Are Emirates passengers less wide on average?
“Not at all. Using anthropometric data (average human dimensions), you can calculate that 95% of people will fit in the seat and 5% will not. The latter sit in an aisle seat with the armrest up. If you end up sitting between two people like that it is just bad luck.”
Is there still room for further development of aircraft seats?
“Yes, because in the past there was only business and economy class. Then first class was added and now you have premium economy. Below economy you also have low budget now. The manufacturer may secure a major order from a low-cost airline but it is not proud of the end product because the seat has been stripped down to nothing but the backrest, seat and a bit of foam.”
Are people happy with that?
“There is no significant difference in the experience of comfort between low-cost and economy and yet low-cost tickets are 50 to 100 euros cheaper.”
And people do not complain?
“That’s the funny thing about it: about 40% of passengers complain about the lack of legroom, but they still buy the tickets. In my view, you could make the seating even tighter and people would still continue to book. Ultimately it’s the price that is decisive. People decide to do without legroom but then complain about it in their trip report. They sometimes say that they will not book again, but still do it anyway.”
You came to TU Delft inspired by a desire for knowledge and greater depth. What lines of research will you be pursuing in the years ahead?
“My dream is to build an interior of a blended wing body aircraft here at TU Delft. I think there are many more possibilities for feeling more refreshed and comfortable in a small space and on a long flight. For BMW, we developed a game for the rear seat that you operate by pushing your shoulders against the seat. You activate a whole range of muscles that way. This game is much more refreshing for passengers than reading a book and the idea can also be applied in aircraft. A blended wing aircraft, which will not start flying until 2050, offers more options than the tube-shaped aircraft we have today. On the outer edge, you can allow people to lie down and sleep in a type of oblong container. Even more than is currently the case, booking will take place via social media, enabling you to form groups even before the flight. In the middle of the aircraft, you can go in search of sociability and entertainment, with relaxation on the periphery. I would like to build this kind of interior and then investigate whether you can achieve a greater variation in positions and activities with the same density.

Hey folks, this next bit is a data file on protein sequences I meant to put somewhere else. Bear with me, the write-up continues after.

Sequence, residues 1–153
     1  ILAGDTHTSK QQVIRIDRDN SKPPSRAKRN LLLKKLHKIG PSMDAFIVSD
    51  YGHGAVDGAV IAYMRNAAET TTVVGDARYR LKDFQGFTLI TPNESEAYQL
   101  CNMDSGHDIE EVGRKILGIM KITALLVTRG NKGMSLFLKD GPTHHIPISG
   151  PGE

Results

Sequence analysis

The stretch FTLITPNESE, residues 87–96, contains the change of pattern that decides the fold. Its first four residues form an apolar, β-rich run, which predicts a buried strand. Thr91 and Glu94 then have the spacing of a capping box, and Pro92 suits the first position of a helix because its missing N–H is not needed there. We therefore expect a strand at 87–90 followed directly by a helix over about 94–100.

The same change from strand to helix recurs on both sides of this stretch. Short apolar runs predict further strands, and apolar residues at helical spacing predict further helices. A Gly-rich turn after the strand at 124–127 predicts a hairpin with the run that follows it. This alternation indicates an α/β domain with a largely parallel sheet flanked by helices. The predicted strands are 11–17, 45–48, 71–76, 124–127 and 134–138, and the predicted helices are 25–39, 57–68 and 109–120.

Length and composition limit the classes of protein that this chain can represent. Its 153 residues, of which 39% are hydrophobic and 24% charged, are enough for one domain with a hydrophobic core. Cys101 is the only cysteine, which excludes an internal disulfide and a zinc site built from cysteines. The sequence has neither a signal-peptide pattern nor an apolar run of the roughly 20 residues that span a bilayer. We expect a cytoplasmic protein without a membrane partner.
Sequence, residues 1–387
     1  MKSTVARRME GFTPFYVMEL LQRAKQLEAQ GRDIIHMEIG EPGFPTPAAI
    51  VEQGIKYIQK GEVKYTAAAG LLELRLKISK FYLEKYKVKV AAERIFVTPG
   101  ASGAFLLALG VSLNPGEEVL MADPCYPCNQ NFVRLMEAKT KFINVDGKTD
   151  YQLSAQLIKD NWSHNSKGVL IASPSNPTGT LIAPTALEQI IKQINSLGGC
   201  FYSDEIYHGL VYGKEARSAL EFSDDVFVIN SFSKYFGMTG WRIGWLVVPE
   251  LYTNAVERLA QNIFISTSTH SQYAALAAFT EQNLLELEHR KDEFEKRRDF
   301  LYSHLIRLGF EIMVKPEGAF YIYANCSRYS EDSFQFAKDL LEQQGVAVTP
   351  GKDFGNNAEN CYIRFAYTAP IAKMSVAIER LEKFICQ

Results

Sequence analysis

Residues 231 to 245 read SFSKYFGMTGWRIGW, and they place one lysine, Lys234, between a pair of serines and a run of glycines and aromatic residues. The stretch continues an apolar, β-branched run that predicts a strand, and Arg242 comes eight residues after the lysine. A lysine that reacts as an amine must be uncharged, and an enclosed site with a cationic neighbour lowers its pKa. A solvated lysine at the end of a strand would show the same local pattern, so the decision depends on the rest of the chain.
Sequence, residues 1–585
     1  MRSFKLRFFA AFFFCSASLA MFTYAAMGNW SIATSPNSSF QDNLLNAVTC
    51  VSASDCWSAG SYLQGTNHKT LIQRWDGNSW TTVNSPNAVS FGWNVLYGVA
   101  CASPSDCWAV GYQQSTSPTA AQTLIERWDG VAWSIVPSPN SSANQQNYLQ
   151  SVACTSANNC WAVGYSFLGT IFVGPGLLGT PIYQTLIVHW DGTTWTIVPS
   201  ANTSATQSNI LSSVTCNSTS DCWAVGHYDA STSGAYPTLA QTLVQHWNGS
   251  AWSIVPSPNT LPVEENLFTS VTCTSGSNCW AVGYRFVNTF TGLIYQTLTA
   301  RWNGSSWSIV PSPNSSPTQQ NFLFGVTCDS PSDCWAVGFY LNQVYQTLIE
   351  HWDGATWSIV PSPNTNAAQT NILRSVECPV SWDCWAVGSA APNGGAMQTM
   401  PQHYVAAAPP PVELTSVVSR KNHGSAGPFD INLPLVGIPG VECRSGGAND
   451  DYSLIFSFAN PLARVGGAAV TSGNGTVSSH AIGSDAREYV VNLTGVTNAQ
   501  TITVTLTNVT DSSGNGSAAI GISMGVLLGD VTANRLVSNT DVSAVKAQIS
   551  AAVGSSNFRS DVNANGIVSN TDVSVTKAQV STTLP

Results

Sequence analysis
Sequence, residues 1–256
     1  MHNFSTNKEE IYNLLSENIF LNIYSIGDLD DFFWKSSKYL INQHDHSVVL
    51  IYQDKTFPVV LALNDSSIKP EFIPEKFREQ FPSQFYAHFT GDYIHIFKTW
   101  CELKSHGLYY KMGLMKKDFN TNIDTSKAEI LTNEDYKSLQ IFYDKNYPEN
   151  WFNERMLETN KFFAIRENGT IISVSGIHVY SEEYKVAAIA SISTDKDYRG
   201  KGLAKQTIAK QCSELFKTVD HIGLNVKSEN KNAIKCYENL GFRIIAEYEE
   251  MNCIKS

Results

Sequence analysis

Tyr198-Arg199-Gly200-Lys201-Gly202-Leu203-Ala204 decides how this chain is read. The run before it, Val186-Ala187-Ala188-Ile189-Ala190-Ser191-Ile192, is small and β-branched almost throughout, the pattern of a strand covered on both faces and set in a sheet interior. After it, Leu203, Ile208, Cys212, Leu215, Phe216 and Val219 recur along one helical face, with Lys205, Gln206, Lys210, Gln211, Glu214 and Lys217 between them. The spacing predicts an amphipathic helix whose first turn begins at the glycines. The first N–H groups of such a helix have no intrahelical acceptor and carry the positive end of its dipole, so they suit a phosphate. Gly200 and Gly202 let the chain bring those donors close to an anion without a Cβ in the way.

One of my PhD students discovered that if you start from a hard seat, a softer seat feels much softer. You can take advantage of this by having people sit on harder materials at the gate so that the aircraft seating feels better. Our sensors do not work in terms of absolute values, but relative values.”
Perhaps comfort is a question of variation?
“Yes, and that it is what I would like to explore. If you make the whole journey as comfortable as possible, you do not experience very much. But if you have to go without it now and again, you enjoy the comfort more. People are strange creatures. We prefer to have the discomfort first followed by the comfort.
I thought that ergonomics had already discovered everything, but you have a whole world still to explore!
“Yes, and that is what is so great about working with students. They can be so ingenious at times. I currently have a student who is working on an aircraft seat with a hole in it that enables you to sleep sideways. I really like these kinds of wild ideas.
Peter Vink (1953) has worked on interior design for offices, production halls, aircraft and vehicles. With his interior design group at TNO, he worked with companies including Boeing, BMW, Ahrend, Gispen and SNCF (train interiors). He is seen as one of the pioneers of participatory ergonomics, in which the future user plays a role in designing his/her own environment. From 1998 to 2004, Vink was chairman of the Netherlands Association for Ergonomics. With Klaus Brauer, he co-authored the book ‘Aircraft Interior Comfort and Design’ (2011). In 2011, he was presented with the American Hal Hendrick Distinguished International Colleague Award.
Vink worked for TU Delft as a part-time professor from 2001. In June of last year, he opted to devote himself fully to the development of knowledge rather than management. On 4 June 2014, he will give his inaugural address: ‘The sweetness of discomfort’.